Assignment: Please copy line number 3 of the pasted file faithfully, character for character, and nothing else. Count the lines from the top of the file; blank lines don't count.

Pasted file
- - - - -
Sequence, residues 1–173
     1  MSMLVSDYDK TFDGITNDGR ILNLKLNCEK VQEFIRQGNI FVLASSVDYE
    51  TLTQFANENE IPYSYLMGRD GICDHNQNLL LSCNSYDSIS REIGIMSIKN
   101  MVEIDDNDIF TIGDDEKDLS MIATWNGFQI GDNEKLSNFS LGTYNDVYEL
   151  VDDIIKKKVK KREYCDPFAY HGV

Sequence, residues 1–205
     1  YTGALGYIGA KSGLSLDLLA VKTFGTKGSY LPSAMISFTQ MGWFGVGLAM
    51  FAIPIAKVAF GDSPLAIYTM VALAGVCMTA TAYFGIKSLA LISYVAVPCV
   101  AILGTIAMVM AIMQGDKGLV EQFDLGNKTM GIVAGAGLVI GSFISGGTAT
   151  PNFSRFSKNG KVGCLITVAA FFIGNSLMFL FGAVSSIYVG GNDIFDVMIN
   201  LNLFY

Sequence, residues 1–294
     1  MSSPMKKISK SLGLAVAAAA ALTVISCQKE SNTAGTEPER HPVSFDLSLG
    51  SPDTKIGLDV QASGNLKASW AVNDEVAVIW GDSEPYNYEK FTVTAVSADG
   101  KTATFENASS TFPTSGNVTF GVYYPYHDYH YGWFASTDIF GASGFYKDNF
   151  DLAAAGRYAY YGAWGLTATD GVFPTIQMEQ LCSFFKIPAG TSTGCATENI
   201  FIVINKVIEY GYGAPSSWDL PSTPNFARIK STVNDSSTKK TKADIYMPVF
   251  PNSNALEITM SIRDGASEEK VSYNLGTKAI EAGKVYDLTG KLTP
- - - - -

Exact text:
    51  TLTQFANENE IPYSYLMGRD GICDHNQNLL LSCNSYDSIS REIGIMSIKN